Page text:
Is the latest attack on energy companies the next Stuxnet?

It really didn’t take long after my last blog post on SCADA security for an exciting new development to appear in the press. Several security vendors, including Symantec and F-Secure, have revealed new information about a hacker group “Dragonfly” (or alternatively “Energetic bear”) that has launched a massive cyber-espionage campaign against US and European companies mainly from the energy sector. Allegedly, the most recent development indicates that the hackers not just managed to compromise those companies for espionage, but possess the necessary capabilities for sabotage, disruption and damage to energy grids of several countries.

Previous reports show that the group known as “Energetic bear” has been operating since at least 2012, having highly qualified specialists based somewhere in Eastern Europe. Some experts go as far as to claim that the group has direct ties with Moscow, operating under control of the Russian secret services. So, it’s quite natural that many publications have already labeled Dragonfly as the next Stuxnet.

Now, as much as I love bold statements like this, I personally still find it difficult to believe it. I admit that I have not seen all the evidence yet, so let’s summarize what we do know already:

  • A hacker group “Energetic Bear” has been active in the cyber-espionage scene since at least 2011. Their previous targets, besides manufacturing and energy companies, include as diverse organizations as Asian universities, US healthcare providers, European IT organizations, etc.
  • The group often uses a remote access tool dubbed Havex, which appears to be their own custom development, but relies on other tools readily available on the black market as well.
  • Experts have analyzed multiple variations of the Havex tool and, judging by activity patterns, concluded that its developers are operating within the Eastern European time zone.
  • Until recently, the malware has been primarily distributed over “traditional” channels, such as spam mails and exploit kits.
However, the most recent development that has brought Dragonfly into the limelight is that the group has begun distributing the malware using the “watering hole” approach. Several ICS software vendor websites have been compromised, and their software installers available for download have been infected with Havex. It’s been reported that in one case, compromised software has been downloaded at least 250 times.

Since the sites belonged to notable vendors of programmable logic controllers used in managing wind turbines and other critical equipment, there could not be any other conclusion than “Russia is attacking our energy infrastructure”, right? Or could it?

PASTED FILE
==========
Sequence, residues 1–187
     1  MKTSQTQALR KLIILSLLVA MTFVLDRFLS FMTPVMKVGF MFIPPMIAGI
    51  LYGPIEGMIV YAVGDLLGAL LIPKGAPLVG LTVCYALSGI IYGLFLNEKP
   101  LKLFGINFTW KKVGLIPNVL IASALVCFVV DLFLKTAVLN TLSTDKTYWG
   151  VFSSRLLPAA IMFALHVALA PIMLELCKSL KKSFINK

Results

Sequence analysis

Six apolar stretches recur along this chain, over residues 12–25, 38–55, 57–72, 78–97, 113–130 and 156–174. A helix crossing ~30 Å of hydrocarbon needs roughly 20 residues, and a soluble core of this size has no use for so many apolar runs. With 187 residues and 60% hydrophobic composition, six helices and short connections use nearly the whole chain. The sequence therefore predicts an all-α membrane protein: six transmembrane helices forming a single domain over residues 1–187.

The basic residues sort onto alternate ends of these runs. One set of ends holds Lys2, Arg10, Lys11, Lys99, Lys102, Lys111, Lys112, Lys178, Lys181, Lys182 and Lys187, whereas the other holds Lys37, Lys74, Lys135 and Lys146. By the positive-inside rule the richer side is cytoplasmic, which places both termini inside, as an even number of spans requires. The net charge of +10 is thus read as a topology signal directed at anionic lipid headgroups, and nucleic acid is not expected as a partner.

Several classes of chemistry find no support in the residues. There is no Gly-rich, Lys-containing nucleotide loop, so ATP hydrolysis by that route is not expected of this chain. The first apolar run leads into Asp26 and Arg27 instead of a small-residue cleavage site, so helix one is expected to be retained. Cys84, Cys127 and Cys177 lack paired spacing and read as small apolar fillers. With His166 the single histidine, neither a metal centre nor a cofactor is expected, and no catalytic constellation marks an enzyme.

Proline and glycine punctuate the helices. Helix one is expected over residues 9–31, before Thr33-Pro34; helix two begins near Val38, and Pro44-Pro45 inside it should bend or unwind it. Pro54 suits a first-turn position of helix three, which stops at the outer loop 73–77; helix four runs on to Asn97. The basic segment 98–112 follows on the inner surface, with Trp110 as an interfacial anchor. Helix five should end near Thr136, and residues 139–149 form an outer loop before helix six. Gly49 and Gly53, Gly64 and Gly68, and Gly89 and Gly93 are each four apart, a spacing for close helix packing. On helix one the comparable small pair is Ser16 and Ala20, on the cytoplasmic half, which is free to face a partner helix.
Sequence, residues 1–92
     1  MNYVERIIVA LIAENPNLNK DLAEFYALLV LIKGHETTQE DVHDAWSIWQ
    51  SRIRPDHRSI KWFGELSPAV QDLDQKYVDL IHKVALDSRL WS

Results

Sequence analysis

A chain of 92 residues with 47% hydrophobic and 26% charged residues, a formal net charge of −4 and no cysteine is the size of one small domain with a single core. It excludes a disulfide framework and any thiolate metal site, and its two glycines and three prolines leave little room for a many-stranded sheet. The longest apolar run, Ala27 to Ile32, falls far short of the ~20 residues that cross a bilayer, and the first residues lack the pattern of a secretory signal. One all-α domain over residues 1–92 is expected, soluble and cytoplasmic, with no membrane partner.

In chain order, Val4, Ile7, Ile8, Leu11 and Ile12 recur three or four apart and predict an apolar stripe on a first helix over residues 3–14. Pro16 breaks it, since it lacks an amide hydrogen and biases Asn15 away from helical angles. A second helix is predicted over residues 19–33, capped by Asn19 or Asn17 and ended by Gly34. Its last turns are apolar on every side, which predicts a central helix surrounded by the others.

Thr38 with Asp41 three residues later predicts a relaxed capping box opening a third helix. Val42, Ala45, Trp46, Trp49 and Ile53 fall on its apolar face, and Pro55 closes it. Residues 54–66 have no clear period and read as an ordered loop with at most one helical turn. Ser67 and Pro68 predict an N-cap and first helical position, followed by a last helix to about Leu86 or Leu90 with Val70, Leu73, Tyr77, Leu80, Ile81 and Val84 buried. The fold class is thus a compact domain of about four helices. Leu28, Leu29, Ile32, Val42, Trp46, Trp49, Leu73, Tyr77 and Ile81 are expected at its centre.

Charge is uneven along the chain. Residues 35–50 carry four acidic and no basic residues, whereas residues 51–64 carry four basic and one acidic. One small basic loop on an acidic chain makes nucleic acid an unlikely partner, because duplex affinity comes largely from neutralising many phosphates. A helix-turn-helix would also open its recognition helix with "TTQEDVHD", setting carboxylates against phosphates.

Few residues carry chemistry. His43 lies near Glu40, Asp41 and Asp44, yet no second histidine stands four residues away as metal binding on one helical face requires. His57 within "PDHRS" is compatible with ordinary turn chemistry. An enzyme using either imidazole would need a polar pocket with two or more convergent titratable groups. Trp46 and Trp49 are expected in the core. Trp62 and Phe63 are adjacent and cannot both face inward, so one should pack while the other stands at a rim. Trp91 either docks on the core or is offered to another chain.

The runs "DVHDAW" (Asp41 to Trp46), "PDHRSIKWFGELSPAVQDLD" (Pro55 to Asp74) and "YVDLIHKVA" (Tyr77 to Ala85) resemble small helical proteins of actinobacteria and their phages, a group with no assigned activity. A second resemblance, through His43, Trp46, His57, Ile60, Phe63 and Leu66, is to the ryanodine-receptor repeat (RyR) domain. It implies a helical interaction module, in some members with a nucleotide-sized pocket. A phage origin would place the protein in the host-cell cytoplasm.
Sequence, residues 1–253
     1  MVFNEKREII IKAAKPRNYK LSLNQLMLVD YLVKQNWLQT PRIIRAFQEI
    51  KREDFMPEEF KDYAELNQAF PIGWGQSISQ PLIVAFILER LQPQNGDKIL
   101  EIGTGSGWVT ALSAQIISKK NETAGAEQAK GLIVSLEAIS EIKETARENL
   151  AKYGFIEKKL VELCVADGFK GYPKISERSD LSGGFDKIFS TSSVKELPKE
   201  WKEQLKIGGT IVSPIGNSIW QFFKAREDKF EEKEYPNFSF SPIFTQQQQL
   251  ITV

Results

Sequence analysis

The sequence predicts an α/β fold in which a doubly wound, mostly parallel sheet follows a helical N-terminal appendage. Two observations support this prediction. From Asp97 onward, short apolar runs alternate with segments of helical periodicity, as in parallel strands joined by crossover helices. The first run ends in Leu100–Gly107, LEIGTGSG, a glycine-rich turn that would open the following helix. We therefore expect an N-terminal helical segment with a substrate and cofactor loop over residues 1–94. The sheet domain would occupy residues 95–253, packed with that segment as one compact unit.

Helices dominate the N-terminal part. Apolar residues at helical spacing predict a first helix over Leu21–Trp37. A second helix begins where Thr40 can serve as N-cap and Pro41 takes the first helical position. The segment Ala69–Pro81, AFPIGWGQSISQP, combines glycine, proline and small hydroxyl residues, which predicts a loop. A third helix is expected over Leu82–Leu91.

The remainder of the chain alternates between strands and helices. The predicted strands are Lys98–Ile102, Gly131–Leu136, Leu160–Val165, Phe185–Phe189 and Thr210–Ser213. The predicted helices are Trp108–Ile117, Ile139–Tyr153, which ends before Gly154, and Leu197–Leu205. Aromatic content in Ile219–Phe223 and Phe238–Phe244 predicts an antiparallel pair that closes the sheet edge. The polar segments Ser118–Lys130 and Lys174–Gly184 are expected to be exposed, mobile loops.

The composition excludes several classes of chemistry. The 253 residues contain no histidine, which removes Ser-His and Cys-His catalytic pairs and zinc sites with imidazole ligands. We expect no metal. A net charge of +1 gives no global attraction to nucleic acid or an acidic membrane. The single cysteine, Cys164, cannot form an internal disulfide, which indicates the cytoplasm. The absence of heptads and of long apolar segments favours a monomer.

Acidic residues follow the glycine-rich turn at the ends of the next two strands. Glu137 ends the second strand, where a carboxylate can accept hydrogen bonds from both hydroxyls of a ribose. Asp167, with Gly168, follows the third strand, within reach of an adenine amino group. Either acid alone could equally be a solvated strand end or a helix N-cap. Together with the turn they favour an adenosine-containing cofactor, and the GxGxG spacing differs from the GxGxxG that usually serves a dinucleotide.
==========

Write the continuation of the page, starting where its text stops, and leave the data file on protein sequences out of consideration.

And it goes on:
Quite frankly, I fail to see any resemblance between Stuxnet and Dragonfly at all.

Stuxnet has been a highly targeted attack created specifically for one purpose: destroy Iranian nuclear enrichment industry. It contained modules developed specifically for a particular type of SCADA hardware. It has been so complex in its structure that experts are still not done analyzing it.

Dragonfly, on the other hand, is based on existing and widely used malware tools. It’s been targeting a wide array of different organizations – current reports show that it’s managed to compromise over 1000 companies. Also, the researchers that have discovered the operation could not find any traces of PLC-controlling payloads, the only purpose of the tool appears to be intelligence gathering. The claims of ties to the Russian secret services seem to be completely unsubstantiated as well.

So, does this all mean that there is not threat to our energy infrastructures after all? Of course, it does not! If anything, the whole Dragonfly story has again demonstrated the abysmal state of information security in the Industrial Control Systems around the world. Keep in mind, this time the cause of the attack wasn’t even weak security of an energy infrastructure. Protecting your website from hacking belongs to the basic “security hygiene” norms and does not require any specialized software, a traditional antivirus and firewall would do just fine. Unfortunately, even SCADA software vendors seem to share the relaxed approach towards security typical for the industry.

The fact that the Dragonfly case have been publicized so much is actually good news, even if not all publications are up to a good journalism standard. If this publicity leads to tighter regulations for ICS vendors and increases awareness of the risks among ICS end users, we all win at the end. Well, maybe except the hackers.



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